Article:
Rotisserie Vs Roasted Chicken: How Do The Preparation Methods Differ?

If there's one ingredient that could give potatoes a run for their money in the versatility department, it's chicken. Simmered in savory sauce or deep fried to golden perfection, there's a seemingly infinite number of ways to prepare poultry. But when you're craving that quintessential American dinner, nothing can compare to a whole roasted chicken with all the fixings.

Golden brown and crispy on the outside yet tender and juicy on the inside, roasting a whole chicken is something of a culinary feat. While some home chefs spend months (or even years) honing their skills to perfect the ambitious dish, others would just as soon save themselves the trouble and buy a rotisserie chicken from the grocery store.

Because rotisserie cooking is a form of roasting, the terms "roasted" and "rotisserie" are often used interchangeably in the common lexicon. However, despite the fact that both dishes utilize dry heat, their preparation methods are actually a bit different: Roasted chickens are cooked in the oven at high heat, whereas rotisserie chickens are cooked on a rotating spit, allowing all parts of the bird to be heated evenly.

How roasted chicken is prepared

While there are several ways to roast chicken — including spit roasting and pot roasting— oven-roasted chicken is one of the most popular ways to prepare the bird. Oven roasting, as opposed to baking (which is often used to transform liquid ingredients into solids), is commonly used to cook foods that already have a solid structure when they enter the oven. As such, roasting requires a high temperature, often starting at around 400 degrees. The dry heat circulating inside the oven not only helps cook the chicken more evenly, but the high temperature also provides the chicken with that coveted caramelized skin.

Preparing a chicken for roasting requires patting down the skin with a paper towel to remove excess moisture, which would otherwise convert to steam in the oven and keep the skin from turning brown and crispy. Once dry, the chicken can be liberally seasoned and coated with butter or oil, which locks in moisture, preventing delicate parts of the chicken from drying out in the oven. Because a high temperature is key to oven-roasting, both the oven and roasting pan (or oven-safe skillet) should be preheated to somewhere between 400 and 450 degrees Fahrenheit before cooking. Once the bird reaches an internal temperature of 155 degrees, it should be removed and left to rest.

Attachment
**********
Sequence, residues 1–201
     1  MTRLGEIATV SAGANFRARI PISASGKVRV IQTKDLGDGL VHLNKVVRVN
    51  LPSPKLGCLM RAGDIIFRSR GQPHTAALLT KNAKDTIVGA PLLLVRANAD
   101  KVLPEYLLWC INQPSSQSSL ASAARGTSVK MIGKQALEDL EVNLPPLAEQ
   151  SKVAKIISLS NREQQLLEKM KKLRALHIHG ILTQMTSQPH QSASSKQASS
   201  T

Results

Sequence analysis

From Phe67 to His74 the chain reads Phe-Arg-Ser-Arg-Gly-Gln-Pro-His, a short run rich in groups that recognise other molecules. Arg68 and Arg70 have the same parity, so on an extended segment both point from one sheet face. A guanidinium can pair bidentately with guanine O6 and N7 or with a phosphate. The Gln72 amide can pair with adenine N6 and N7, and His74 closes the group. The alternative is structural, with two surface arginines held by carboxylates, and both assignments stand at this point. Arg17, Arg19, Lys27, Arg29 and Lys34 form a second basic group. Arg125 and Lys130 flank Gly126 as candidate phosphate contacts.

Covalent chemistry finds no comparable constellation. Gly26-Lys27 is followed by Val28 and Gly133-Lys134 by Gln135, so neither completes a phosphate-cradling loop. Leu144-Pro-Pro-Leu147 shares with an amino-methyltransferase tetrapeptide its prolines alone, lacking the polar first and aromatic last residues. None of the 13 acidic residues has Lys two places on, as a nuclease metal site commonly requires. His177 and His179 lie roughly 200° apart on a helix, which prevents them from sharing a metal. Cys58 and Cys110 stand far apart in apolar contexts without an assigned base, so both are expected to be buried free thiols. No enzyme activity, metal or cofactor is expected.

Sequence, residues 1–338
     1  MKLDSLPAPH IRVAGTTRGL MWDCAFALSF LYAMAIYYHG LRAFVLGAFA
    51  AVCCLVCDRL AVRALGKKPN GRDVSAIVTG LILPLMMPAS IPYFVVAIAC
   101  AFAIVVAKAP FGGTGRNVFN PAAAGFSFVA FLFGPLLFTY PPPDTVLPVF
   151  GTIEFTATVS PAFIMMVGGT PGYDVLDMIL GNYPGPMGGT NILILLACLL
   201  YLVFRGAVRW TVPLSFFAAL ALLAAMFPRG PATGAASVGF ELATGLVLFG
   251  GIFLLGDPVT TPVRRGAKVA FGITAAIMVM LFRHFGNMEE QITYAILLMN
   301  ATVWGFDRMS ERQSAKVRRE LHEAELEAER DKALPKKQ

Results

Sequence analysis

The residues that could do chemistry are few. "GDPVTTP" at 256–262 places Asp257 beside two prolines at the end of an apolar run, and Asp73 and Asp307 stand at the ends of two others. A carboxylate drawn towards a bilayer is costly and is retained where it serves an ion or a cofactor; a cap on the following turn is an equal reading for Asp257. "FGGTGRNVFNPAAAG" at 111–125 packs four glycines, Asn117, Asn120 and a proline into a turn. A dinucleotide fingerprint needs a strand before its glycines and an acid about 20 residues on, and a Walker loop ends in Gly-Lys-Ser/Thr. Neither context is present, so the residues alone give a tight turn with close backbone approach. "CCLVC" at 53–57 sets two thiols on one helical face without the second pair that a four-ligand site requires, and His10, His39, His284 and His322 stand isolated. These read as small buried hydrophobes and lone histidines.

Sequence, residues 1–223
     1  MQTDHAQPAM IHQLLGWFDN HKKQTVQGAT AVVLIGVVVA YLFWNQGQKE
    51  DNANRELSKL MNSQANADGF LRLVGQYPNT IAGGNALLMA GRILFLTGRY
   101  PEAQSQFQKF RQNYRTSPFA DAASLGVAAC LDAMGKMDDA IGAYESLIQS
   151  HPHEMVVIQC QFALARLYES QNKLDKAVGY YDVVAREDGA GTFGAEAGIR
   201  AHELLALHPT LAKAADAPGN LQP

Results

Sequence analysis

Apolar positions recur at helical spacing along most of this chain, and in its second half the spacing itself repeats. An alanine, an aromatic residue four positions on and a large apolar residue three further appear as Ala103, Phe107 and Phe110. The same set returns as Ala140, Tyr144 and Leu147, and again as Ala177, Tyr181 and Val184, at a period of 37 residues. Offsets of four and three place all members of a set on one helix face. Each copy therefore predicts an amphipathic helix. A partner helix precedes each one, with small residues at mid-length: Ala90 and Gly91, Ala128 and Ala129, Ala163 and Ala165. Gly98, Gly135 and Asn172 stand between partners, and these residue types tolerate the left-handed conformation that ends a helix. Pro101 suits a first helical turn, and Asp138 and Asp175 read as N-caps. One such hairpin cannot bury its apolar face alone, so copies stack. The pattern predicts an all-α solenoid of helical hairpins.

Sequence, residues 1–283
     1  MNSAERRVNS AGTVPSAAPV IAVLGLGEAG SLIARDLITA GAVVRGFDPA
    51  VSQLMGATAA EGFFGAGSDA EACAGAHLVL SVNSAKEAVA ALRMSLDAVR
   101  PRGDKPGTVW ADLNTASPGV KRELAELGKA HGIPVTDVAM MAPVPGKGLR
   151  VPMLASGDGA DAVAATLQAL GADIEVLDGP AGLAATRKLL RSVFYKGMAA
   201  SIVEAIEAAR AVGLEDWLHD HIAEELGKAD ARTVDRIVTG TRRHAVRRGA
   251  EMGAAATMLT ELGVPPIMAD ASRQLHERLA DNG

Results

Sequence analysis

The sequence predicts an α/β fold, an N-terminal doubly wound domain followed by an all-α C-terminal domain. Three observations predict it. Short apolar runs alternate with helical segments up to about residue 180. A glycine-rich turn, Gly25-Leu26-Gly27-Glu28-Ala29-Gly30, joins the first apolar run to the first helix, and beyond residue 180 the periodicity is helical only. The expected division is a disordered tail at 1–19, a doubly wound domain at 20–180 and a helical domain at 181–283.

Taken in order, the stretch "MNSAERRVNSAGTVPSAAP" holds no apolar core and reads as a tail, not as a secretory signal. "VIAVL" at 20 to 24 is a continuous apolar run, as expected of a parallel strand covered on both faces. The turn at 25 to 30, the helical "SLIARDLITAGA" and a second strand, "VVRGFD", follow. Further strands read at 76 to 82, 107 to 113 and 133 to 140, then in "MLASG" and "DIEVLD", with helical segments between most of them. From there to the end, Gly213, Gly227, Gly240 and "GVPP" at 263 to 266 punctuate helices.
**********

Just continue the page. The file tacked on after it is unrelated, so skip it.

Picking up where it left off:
How rotisserie chicken is prepared

While rotisserie cooking falls under the blanket of roasting — which uses dry, indirect heat to cook food — it's notably different from oven roasting. Often referred to as spit roasting, the rotisserie cooking method employs the use of a skewer, otherwise known as a spit, which is speared through the chicken and rotated over a heat source to evenly cook the bird from every angle.

Historically performed over an open flame, spit roasting is considered one of the oldest methods for cooking chicken and has been well-documented since the 14th century. Today, however, rotisserie chicken is often made in a specialized rotisserie oven that features a spit and employs the use of both convection and radiant heat; the latter of these can be provided by a wood- or gas-fueled fire, or an electrically heated fixture.

Preparing a rotisserie chicken at home is difficult without an expensive rotisserie oven, so most people prefer to outsource and simply pick one up from the grocery store. While preparing the bird for spit roasting doesn't require much more than the oven-roasting method, commercially made rotisserie chickens are often injected with flavoring agents and preservatives (which is perhaps why they always seem to taste so better than the homemade version). According to Consumer Reports, however, many of these injected additives may be damaging to your health.